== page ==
PUPILS are to be regularly weighed in primary schools in England for the first time in 18 months from this September amid fears the coronavirus pandemic has exacerbated the UK’s child obesity problem reports the Independent.
The measurements, designed to alert parents that their children are at risk of developing a weight problem, were cancelled in March 2020 as the country entered the first coronavirus lockdown.
Experts fear that since then a combination of homeschooling, less regular exercise and easier access to snacks has had a detrimental effect on the waistlines of the nation’s children.
But they say that since the National Child Measurement Programme (NCMP) was halted they cannot know the full extent of the problem.
Tam Fry, the chair of the National Obesity Forum, said: “We expect the figures will have gone up and we expect the results, when we get them, to be a real jolt to Boris Johnson.
“We have got to do something very serious about this problem. We cannot wait to the end of Covid. I am absolutely delighted that the [NCMP] is coming back.”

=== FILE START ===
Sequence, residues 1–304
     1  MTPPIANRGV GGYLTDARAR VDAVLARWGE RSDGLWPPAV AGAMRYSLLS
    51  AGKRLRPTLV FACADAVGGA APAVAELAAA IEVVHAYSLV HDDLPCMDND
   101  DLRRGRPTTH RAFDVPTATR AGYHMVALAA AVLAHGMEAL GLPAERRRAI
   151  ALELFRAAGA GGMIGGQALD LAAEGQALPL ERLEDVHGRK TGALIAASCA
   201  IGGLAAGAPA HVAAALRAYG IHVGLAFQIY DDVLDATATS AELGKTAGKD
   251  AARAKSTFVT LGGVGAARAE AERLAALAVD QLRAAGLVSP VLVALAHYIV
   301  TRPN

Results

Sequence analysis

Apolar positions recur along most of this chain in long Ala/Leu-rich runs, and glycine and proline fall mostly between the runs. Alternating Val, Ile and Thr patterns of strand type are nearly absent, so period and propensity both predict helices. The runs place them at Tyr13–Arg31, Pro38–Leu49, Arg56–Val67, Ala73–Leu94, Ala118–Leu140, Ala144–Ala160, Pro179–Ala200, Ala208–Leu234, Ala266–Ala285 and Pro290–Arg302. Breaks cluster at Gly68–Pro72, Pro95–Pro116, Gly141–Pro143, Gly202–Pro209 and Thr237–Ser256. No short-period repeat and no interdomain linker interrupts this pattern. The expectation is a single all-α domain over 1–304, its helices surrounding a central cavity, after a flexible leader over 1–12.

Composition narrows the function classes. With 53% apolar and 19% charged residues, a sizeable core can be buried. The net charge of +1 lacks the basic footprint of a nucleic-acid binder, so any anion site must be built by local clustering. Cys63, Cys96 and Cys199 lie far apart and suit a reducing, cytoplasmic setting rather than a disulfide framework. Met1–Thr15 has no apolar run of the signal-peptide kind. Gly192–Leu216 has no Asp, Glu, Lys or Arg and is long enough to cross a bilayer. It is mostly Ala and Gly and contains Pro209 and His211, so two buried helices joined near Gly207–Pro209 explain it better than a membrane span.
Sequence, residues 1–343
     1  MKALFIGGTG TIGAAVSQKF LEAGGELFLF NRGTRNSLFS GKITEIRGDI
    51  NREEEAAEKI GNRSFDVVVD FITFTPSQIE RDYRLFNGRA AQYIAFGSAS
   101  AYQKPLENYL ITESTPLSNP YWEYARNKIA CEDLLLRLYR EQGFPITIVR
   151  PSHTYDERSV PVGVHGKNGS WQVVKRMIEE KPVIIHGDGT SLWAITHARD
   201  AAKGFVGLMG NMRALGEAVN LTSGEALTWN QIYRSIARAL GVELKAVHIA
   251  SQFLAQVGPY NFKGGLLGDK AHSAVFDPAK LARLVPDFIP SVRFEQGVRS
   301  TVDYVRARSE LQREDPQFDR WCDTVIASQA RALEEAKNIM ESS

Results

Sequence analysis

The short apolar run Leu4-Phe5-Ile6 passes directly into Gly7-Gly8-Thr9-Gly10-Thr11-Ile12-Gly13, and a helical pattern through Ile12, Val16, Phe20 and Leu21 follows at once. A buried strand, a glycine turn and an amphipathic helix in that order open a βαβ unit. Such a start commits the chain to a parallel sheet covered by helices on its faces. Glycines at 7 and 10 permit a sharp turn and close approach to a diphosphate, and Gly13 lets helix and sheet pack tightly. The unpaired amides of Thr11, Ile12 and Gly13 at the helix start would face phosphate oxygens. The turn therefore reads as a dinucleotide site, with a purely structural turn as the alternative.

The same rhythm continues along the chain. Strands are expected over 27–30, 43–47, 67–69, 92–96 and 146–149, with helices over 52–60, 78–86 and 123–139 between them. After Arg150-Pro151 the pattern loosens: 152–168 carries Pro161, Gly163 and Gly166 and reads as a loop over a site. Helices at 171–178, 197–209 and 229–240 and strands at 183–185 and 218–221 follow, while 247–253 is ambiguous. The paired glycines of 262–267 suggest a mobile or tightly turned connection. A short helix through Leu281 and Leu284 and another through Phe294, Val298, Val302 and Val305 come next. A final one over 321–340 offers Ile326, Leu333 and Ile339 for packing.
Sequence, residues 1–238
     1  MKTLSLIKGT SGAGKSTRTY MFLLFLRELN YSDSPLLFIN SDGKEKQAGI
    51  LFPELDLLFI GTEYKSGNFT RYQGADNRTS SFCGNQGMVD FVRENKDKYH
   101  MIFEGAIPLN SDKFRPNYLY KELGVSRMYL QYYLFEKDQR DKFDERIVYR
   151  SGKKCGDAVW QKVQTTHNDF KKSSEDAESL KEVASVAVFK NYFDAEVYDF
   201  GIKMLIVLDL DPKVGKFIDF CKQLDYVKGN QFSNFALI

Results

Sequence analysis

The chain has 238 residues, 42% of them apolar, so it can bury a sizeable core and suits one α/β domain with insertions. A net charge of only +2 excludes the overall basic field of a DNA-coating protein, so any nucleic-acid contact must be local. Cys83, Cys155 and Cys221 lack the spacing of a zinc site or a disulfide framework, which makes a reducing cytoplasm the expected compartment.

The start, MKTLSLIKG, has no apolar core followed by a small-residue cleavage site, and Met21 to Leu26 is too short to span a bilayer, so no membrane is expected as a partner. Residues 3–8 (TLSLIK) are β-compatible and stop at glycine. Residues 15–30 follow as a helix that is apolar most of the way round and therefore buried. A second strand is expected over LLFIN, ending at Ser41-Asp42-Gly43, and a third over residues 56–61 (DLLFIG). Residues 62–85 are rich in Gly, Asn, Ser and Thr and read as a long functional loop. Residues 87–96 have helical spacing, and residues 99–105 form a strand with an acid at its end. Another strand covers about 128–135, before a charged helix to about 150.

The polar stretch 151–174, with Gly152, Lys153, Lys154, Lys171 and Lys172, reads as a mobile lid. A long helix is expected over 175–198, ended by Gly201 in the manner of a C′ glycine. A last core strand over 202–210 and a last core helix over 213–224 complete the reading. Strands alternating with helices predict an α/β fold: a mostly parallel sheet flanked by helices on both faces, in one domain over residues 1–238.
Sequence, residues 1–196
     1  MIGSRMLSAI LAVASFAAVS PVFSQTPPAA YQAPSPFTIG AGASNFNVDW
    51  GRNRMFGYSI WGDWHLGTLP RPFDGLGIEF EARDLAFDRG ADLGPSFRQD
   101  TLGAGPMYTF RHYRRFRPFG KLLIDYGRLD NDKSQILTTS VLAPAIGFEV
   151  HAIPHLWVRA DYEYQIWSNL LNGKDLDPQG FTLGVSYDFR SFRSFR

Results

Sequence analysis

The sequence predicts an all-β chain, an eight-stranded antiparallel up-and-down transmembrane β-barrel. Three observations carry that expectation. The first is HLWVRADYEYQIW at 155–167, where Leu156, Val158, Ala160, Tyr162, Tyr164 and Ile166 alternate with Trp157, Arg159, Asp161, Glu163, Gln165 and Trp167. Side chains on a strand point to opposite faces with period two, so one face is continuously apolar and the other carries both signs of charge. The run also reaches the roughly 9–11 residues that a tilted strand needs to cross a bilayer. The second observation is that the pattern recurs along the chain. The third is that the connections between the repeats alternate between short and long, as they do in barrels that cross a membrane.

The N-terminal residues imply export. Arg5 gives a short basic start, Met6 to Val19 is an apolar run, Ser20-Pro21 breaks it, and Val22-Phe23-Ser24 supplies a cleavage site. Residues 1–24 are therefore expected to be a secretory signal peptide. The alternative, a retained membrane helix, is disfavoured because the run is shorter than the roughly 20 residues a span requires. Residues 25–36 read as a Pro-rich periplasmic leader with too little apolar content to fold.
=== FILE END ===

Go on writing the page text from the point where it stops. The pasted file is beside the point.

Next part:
He said that while experts could not put a figure on how much weight children had put on since March last year, anecdotal evidence suggested that it was significant.
Even before the pandemic the UK had some of the highest rates of overweight children in western Europe. Around one in three children leaving primary school in England were overweight, with one in five classified as obese.
The problem was also getting worse. The latest available results from NCMP show that in reception class – ages four and five – the prevalence of obesity increased from 9.7 per cent in 2018-19 to 9.9 per cent in 2019-20. In year 6, that figure rose from 20.2 per cent 2018-19 to 21 per cent the following year.
Mr Fry called on ministers to respond to the Covid crisis by increasing the frequency of weigh-ins to once a year.
The full article can be read below.